“Anger is given to us so that we might fight against the demons and strive against every pleasure (read every unhealthy pleasure). Now it happens that the angels suggest spiritual pleasure to us and the beatitude that is consequent upon it so as to encourage us to turn our anger against the demons. But these, for their part, draw our anger to worldly desires and constrain us – contrary to our nature – to fight against our fellow men to the end that, blinded in mind and falling away from knowledge, our spirit should become a traitor to virtue.”
Notice how the angels are not angels of anger, like there are angels of sadness, but rather the angels of beatific vision come to encourage us to turn anger against itself. Notice the reference to courage in the word en-courage. We transform our anger into courage when refuse to let the demon reside within us. The angels bring a deep seeing and the demons bring blindness. While the angels invite us to turn anger in on itself, the demons draw our anger outwards and into the world. They encourage us to go against our nature, which is to love creation, other people, and ourselves. It makes us less like ourselves because anger is self destructive. It makes us turn away from the virtues which were placed inside us by God from the very beginning. It makes us traitors to our true selves.
Anger not only destroys the person who it infects, but it also destroys the people around them. Anger leads to violence, disharmony, conflict, and strife. It is a vice which is rarely self contained and almost always bleeds out into the community. The contraries to this vice, therefore, are peace, harmony, patience, and forgiveness. So if we want to resist the demon of anger, we must do things which create peace despite our urge to destroy. We must do that which unites people despite our desire to ostracize the other. We must be patient with others faults and forgive them despite the fact that we feel like punishing them.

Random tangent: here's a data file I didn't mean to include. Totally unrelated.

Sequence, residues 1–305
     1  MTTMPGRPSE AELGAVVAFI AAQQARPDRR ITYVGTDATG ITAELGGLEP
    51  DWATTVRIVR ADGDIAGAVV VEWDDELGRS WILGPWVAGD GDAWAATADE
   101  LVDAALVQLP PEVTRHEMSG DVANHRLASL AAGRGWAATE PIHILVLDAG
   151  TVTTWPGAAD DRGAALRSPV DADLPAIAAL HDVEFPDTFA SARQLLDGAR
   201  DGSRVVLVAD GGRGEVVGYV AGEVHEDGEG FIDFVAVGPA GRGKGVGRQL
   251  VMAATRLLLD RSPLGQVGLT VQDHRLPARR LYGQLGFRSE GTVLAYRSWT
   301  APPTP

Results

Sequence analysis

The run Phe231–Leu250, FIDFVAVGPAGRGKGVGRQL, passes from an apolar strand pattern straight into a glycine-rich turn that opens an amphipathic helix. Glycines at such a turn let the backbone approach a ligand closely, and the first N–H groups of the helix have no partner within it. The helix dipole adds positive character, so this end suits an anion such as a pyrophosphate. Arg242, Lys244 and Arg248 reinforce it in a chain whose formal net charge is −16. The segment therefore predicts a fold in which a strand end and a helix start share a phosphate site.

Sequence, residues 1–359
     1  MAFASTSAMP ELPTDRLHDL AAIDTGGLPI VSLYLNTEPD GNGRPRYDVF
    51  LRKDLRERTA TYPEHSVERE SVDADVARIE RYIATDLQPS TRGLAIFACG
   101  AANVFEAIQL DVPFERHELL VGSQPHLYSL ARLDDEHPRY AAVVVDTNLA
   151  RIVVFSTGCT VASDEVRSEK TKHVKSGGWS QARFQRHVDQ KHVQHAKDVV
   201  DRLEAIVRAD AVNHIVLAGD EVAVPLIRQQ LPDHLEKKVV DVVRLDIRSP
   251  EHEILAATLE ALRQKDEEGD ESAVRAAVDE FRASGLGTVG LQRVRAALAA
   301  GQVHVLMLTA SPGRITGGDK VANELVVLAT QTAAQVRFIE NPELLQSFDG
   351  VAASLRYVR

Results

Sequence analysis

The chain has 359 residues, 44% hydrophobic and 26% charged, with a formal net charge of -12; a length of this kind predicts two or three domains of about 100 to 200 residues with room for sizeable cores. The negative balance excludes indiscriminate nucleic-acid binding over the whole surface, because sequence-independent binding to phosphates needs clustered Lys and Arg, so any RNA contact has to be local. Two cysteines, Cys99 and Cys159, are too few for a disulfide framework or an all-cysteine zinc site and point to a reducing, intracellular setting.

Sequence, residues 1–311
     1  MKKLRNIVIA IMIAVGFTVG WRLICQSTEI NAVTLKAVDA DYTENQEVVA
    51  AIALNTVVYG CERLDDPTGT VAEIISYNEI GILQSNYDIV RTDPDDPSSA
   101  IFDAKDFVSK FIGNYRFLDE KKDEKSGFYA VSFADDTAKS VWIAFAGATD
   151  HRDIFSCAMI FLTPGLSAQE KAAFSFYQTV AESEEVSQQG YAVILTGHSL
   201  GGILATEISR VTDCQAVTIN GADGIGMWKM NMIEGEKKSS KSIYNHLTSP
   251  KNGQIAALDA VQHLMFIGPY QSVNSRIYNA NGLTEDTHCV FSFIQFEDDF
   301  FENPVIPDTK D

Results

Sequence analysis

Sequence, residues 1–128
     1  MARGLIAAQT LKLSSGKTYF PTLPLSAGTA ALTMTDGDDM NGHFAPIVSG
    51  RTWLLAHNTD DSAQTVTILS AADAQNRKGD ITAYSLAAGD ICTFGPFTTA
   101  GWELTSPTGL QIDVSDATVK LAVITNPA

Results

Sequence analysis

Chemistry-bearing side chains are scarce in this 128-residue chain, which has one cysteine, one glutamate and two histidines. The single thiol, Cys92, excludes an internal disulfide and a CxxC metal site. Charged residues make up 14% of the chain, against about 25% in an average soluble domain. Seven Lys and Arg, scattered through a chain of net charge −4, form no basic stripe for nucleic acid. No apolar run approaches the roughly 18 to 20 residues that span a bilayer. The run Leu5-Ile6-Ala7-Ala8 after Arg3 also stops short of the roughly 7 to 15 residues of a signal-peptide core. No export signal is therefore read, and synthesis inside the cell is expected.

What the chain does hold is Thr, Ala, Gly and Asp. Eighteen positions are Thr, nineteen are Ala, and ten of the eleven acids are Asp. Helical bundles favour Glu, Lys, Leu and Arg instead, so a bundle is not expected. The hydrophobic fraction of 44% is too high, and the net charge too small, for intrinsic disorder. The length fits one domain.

Anger begets anger. The more we indulge anger the greater it grows. Evagrius goes on to say that “both anger and hatred increase anger. But almsgiving and meekness diminish it even when it is present…Do not give yourself over to your angry thoughts so as to fight in your mind with the one who has vexed you.” If we allow ourselves to have heated arguments inside our minds then we only deepen the hold anger has on us. This is why Jesus calls us to pray for our enemies. When we change our inner dialogue we cast this demon out of our souls. Anger cannot live where forgiveness is present.
But that’s not always easy to do. It is one thing to acknowledge that forgiveness is good and another to be able to forgive. We must never mistake ignoring our anger for healing it. Forgiveness does not mean pretending we’re not angry, rather it is about coming to terms with our anger and addressing the issues which surround it, both interiorly and exteriorly.
Forgiveness is a kind of generosity and so, if we find ourselves unable to address our anger inwardly by developing a generosity of spirit, we may find it helpful to do outward acts of generosity such as making dinner for the person whom we are angry with. If we cannot do something for the person we are angry with directly, perhaps because they are violent or otherwise toxic and dangerous, then we can do acts of generosity for others in their place. Go out and serve the poor and needy. Show generosity and kindness to a stranger and dedicate it in your heart to the one whom your anger is against.
In your time of prayer, you can speak back to this demon of anger using the verses below. You can repeat them silently in your mind like a mantra or use them with prayer beads. It may help to align them to your breath, breathing in with the first part of the verse and out with the second. These are entries 31 and 46 in the section on anger in Evagrius’ book Talking Back.
Against the demon that seeks through many temptations to extinguish our love for the brothers:
‘Much water will not be able to extinguish love, and rivers will not drown it’Song of Songs 8:7
To the soul that is swiftly angry but wants to find within itself the frontier of the knowledge of truth:
‘The fruit of the Spirit is love, joy, peace, patience, kindness, generosity, faithfulness, gentleness, and self-control.’Galatians 5:22-23